23 BD rivers die due to upstream water withdrawal

23 BD rivers die due to upstream water withdrawal

SAM Report,

A total of 23 rivers in Bangladesh have died due to upstream withdrawal of waters. Water security has further been threatened by the impact of climate change. Ground water levels have fallen drastically and salinity has increased. Speakers at a seminar discussed the direct and indirect security fallout of climate change in Bangladesh, cautioning against dire consequences including escalating regional conflict.

The seminar, Security Implications on Climate Change: Focus on Bangladesh, was organized in the capital city on Monday, 23 January, by the Bangladesh Institute of Peace and Security Studies (BIPSS). The keynote address was presented by Professor Abu Zayed Mohammed, BIPSS research fellow. Moderated by BIPSS president Major General ANM Muniruzzaman (retd), the seminar was also addressed by Dr Peter Hefele, Director, Regional Project, Konrad-Adenauer-Stiftung (KAS) Foundation and Ina F Islam, Assistant Director, ICCAD.

Major General Muniruzzaman said that Bangladesh was a frontline state climate change. The security implications were staggering and the keynote research paper would present the various areas and impact of climate change in the country.

In his introductory remarks, Peter Hefele said that in the face of climate change, there was need for mitigation and adaptation. He said that up-to-date data regarding climate change would help unleash the creativity of the new generation so that they can find new solutions to the problem. Energy security and climate change were key issues and fundamental changes were needed in the way we consume energy. Energy transformation would require leaving fossil-based resources and moving towards a new future. He pointed out how Germany has phased out nuclear power. It was difficult, but the right way ahead. He also said that there was a dramatic increase in ideas and new concepts in Asia that could be shared with the rest of the world.

Presenting the keynote address, Professor Abu Zayed Mohammed said climate change was a threat multiplier. It had direct implications such as when the military could be prevented from operating, and indirect implications such as impact on water security, food security, livelihood security and so on. Bangladesh faces as existential threat due to climate change, he said.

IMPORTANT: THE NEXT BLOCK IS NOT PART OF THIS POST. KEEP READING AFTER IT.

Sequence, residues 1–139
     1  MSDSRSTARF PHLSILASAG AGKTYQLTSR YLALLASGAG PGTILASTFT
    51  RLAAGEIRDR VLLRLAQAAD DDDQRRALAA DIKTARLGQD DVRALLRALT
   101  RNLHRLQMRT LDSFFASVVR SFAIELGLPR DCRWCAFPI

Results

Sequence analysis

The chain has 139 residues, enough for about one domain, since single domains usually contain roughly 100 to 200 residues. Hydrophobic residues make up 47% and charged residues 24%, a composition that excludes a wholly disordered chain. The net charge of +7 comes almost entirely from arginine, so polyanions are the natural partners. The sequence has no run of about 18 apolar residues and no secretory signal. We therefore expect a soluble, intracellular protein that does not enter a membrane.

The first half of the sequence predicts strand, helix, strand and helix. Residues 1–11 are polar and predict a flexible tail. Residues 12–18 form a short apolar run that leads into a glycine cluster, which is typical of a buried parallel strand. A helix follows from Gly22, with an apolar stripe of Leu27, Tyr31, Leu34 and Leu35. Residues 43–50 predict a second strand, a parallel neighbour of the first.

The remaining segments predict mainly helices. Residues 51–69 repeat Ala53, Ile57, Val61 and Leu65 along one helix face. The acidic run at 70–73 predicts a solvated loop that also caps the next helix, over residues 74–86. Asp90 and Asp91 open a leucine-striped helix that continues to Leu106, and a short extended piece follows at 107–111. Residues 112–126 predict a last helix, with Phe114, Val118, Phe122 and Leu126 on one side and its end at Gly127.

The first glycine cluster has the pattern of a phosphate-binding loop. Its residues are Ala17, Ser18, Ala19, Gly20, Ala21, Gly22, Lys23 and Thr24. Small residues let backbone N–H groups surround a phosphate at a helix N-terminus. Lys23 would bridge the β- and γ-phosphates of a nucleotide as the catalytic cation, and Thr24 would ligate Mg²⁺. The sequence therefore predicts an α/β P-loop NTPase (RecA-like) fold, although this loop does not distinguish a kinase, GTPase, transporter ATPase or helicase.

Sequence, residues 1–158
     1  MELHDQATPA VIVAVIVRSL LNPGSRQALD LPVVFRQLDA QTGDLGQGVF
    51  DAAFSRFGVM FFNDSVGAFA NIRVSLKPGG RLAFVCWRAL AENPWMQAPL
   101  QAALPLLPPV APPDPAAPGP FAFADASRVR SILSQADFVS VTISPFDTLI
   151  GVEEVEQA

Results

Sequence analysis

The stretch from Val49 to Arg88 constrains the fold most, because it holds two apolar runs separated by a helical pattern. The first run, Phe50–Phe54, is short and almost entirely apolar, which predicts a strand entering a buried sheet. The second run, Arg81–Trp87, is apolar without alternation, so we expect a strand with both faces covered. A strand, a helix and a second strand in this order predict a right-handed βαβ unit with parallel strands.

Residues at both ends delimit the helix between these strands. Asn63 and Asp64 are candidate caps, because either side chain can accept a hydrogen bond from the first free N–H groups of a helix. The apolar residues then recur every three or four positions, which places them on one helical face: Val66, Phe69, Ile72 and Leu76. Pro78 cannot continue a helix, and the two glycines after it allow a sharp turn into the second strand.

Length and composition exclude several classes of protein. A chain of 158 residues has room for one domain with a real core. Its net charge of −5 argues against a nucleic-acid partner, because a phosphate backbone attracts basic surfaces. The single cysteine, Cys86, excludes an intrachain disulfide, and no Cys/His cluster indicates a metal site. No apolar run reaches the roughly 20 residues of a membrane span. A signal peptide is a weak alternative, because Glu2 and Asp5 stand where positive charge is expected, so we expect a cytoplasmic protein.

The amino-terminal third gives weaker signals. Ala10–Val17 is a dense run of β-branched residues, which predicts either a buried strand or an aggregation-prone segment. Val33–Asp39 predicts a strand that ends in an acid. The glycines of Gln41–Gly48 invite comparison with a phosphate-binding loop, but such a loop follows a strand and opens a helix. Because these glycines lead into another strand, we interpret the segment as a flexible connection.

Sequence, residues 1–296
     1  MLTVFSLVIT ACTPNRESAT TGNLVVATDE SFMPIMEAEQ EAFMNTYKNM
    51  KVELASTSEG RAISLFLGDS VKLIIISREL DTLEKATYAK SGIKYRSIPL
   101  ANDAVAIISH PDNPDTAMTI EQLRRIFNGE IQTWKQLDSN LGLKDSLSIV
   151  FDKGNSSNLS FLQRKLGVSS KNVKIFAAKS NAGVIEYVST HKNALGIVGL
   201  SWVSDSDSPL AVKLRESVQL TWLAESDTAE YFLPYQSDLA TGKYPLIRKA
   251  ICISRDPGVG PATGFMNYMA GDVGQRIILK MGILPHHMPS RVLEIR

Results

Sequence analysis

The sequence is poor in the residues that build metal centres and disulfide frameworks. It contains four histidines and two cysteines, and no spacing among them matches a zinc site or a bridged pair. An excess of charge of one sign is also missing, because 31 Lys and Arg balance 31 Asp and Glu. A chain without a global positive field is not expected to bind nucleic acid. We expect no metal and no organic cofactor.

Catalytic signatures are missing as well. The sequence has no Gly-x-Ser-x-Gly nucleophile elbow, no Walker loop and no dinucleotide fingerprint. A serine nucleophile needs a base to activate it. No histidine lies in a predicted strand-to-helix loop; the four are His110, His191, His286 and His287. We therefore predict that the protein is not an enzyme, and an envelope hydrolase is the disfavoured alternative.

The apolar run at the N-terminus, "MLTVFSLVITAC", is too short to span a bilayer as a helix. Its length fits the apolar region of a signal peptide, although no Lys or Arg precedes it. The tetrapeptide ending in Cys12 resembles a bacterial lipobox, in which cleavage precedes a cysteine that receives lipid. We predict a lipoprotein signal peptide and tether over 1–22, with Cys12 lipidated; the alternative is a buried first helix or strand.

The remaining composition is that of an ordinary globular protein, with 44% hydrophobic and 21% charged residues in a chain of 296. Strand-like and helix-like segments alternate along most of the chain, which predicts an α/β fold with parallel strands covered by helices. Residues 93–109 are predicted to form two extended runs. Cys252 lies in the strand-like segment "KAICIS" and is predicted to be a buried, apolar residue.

He enunciated the major elements of climate change security as international relations, economic status, migration, human rights, development, trade, health and environment systems, rising temperatures and so on.

Bangladesh ranked number one on the Climate Change Vulnerability Index in 2014. And in 2015, environmental threats caused one of the biggest displacements in Bangladesh, a time when the shocking stories of ‘boat people’ came to light.

Prof Abu Zayed Abu highlighted the seriousness of food security in Bangladesh, saying that about 60 million people in the country were food insecure. This deepened the vulnerability of the poor population manifold.

Speaking on water security, he said that in addition to the drastic fall in ground water levels and the increase in salinity, 23 rivers in Bangladesh had died due to water withdrawal upstream.

The wider implications of climate change, as indicated in the keynote paper, were breakdown of social cohesion and internal instability.

Regional instability was another factor that could lead to conflicts. Human displacements would trigger waves of illegal emigration to neighboring states.

The recommendations to tackle the impact of climate change, as presented in the paper, were innovative research, effective mass awareness, transparency and accountability, regional and international cooperation and strengthening as well as implementing national energy legislations.

Discussing the keynote paper, Ina Islam said there was a pressing need to think out of the box. She said that people of Bangladesh in their day to day lives were constantly meeting the challenges of change and adaptation. There were a lot of lessons to be learnt out there. “Knowledge is power,” she said, “and we need to harness it.”

Ina Islam stressed the need to invest in education, to engage in all sections of the population. She called for cohesion between action partners, research partners and the government.

In his closing remarks, Peter Hefele said that the complexity of the challenges needed to be understood and a more comprehensive approach to climate change needed to be adopted globally.

After an interactive question and answer session, Major General Muniruzzaman concluded the seminar, saying that the final report on ‘Security Implications on Climate Change: Focus on Bangladesh’ would be published within the next few weeks.